Inmate who ran drug plot from cell gets 20 years

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A CRIMINAL who masterminded a plot to import tonnes of cocaine into the UK from his prison cell was jailed for 20 years yesterday.

Russell Knaggs, 38, was described as the “controlling mind” behind a plan to import five tonnes of the drug – inside fruit, from Colombia via Costa Rica, the United States and Germany – from his cell at Lowdham Grange Prison in Nottinghamshire, where he was serving a 16-year sentence for drug trafficking.

Knaggs, of Doncaster, was jailed with three other men from Yorkshire at Birmingham Crown Court for conspiracy to import cocaine.

In mitigation the gang’s lawyers argued that the plot had been unsuccessful and that no cocaine reached the UK.

But His Honour Judge Melbourne Inman QC said: “It is clear beyond doubt that the intended scale was massive, involving hundreds of kilos of cocaine.”

Sentencing Knaggs, he said: “You treat the criminal justice system with contempt and see it only as a hindrance to furthering your activities.”

Phillip Hadley, 52, from New Hill, Conisbrough, Doncaster, and Robert Rich, 40, a mechanic from Burton Road, Barnsley, were convicted of conspiracy to import cocaine by a jury last month after a five-month trial.

Hadley, whom the judge said worked in partnership with Knaggs, was sentenced to 18 years in prison, while Rich, described as the “legman” in the plot, was jailed for 14 years.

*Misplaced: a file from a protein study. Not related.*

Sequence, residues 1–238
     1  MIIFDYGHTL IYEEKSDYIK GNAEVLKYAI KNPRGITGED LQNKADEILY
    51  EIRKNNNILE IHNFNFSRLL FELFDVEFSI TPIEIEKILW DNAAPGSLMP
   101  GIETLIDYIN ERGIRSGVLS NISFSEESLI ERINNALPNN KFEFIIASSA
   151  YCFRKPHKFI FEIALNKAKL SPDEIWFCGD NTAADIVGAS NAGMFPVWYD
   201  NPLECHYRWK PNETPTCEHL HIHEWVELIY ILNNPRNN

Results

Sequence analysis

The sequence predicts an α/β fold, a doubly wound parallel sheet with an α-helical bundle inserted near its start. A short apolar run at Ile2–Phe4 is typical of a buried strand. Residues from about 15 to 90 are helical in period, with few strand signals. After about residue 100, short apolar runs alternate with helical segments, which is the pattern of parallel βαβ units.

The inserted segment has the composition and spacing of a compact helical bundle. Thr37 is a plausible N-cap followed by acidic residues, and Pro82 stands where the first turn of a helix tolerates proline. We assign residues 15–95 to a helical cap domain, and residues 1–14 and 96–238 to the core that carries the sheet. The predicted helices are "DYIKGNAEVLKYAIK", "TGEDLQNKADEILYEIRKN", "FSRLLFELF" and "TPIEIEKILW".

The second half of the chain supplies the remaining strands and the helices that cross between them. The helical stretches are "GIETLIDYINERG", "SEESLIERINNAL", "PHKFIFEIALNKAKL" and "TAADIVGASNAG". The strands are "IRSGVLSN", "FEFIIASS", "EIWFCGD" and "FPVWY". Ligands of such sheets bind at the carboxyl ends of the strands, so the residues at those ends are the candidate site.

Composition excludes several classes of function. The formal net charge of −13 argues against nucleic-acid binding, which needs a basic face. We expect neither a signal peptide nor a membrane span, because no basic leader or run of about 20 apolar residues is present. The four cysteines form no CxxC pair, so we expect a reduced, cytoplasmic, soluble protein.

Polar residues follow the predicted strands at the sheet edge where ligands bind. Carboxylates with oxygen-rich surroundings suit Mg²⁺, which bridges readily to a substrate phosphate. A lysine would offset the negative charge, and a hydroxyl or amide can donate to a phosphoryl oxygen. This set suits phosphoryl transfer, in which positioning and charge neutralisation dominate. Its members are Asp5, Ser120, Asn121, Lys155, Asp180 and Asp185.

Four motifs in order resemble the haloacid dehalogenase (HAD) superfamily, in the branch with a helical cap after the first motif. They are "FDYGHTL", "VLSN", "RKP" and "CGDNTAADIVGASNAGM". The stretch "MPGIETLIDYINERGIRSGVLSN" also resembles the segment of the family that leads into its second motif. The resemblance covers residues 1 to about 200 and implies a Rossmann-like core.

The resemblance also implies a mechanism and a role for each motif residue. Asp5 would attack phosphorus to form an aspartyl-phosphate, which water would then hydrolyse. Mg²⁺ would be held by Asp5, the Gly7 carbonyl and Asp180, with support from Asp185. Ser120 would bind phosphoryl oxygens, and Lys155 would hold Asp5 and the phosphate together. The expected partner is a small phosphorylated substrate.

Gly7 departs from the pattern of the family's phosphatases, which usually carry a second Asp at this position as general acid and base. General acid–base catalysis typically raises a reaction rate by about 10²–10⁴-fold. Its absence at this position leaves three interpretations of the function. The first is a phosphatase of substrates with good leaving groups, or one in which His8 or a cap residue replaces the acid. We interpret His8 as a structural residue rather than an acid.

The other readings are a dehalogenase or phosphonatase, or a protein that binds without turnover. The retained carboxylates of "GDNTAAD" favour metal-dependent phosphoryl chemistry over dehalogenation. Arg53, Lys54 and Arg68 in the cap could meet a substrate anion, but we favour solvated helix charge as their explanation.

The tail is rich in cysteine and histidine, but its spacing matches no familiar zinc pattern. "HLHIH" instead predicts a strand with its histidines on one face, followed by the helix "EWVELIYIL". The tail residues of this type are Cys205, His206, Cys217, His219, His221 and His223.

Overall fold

A fourth man, Anthony Perger, 51, was jailed for five years and six months after admitting to the charge at an earlier hearing, despite having previous convictions for drug trafficking.

The court heard how the former soldier, from Hall Road, Sheffield, had been handed a three-year sentence for importing drugs into Australia in 2006.

Knaggs and his gang referred to their plan as a “plastering job” to avoid being caught and talked of making a “shedload of dough”.

The court heard Knaggs had discussed a sum of around £10m with other gang members.

He began masterminding the plan soon after being sentenced to 16 years in May 2003 for drug trafficking. He and the other three were arrested in August 2010, months after Knaggs was released on licence.

They were unaware their every move, including coded conversations and meetings at home and abroad, was being monitored.

A blueprint for importing cocaine, a list of Colombian drug contacts and notebooks with flight details and locations for meetings was found by prison staff who searched Knaggs’s cell. A sim card was also recovered which he had hidden inside legal material.

The gang planned to ship cocaine in batches from Colombia to Costa Rica where it would be concealed in consignments of fruit. Each batch was to be placed on a ship heading for Long Beach, California, where it would be put on a larger ship going to Hamburg. The group then planned to transport the cocaine to the UK in smaller loads hidden inside cars.

They failed after losing the down payment on the first batch of cocaine when their Colombian contact was gunned down by a rival cartel. Despite further attempts, Knaggs dropped the plans.

But the judge said: “You pulled the plug for fear of detection, not because of a change of heart.”

He added that the sentences would have been considerably higher if the drugs had reached the UK. “Fortunately for this country they did not,” he added.

Gerry Smyth, the Serious Organised Crime Agency’s North East regional head of investigations, said: “Knaggs believed he could continue business from behind bars but no one should think they are beyond reach. Soca and its partners will use their expertise and determination to stamp down hard on organised criminals.”